People tend to avoid folks they dislike. But it may be harder to stay away from those about whom you harbor mixed feelings — and those conflicted relationships seem to have the most negative impact on blood pressure and possibly overall health, according to a Brigham Young University researcher.
How we relate to other people has an unquestioned impact on health. But exactly what that impact is is still a matter of speculation. And that's the question that Julianne Holt-Lunstad, assistant professor of psychology at BYU, and colleagues at the University of Utah set out to answer. Their study is being published today in the American Psychological Association's Journal, Health Psychology.
They found that blood pressure goes higher when you're dealing with people about whom you have both positive and negative feelings than with those you either like or dislike wholeheartedly. And blood pressure is an important factor in cardiovascular health.
"In terms of significance, cardiovascular disease is the No. 1 cause of death for both men and women," Holt-Lunstad said. "Blood pressure is a predictor of cardiovascular outcomes. And we also know from prior research that social relationships have an impact on all causes of death. For instance, people with larger social networks live longer than those who are more socially isolated. So we wanted to take a more sophisticated look at relationships and their impact on health; but rather than looking at the numbers, we are looking at quality of relationships."
The researchers had 49 men and 54 women, ages 18 to 46, wear hidden blood pressure monitors on three different days: two work days and a weekend. About five minutes into each conversation, they triggered the device, which recorded their blood pressure. As soon as they could, they filled out diaries that indicated whom they'd talked to and the basics of their relationship, as well as whether the conversation was positive or negative.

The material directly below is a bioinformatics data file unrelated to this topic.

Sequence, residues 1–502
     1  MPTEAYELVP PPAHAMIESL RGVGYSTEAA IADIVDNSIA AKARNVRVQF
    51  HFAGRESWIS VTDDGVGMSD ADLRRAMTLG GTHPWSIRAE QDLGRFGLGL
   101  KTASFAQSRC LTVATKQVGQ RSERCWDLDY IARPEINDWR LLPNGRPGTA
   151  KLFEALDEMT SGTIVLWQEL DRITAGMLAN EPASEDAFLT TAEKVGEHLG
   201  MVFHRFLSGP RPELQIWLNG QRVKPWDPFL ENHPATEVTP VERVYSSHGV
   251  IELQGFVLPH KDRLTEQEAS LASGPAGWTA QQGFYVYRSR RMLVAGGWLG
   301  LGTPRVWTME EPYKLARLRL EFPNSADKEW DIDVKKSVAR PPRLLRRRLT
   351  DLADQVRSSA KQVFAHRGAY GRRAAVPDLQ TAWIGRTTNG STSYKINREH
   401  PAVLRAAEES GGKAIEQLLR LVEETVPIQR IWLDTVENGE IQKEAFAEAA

Overwhelmingly, the most stressful relationships are those that are ambivalent, said Holt-Lunstad, who defined ambivalent relationships as those involving people for whom you have "highly positive feelings and some degree of negativity." Like that dear friend who's highly competitive or the mother you adore who pries or the pal who's not reliable.
They found that blood pressure was pretty consistently lower in interactions with immediate family members and spouses. (They're planning a follow-up study to see how the ups and downs in a marital relationship affect blood pressure.)
At this stage, Holt-Lunstad said, it's interesting. But researchers are in the early stages of understanding it.
She said that when you seek support in times of stress, you might want to be strategic in your choices, not increasing your stress by going to someone with whom you never agree in that kind of situation, for instance.
And she pointed out that ambivalent relationships are both interesting and stressful in that you can exit more easily from bad relationships than from those that are a mixture of good and bad feelings.
Co-authors on the study are Bert N. Uchino, Timothy W. Smith, Chrisana B. Cerny and Jill B. Nealey-Moore, all of the Department of Psychology and Health Psychology Program at the U.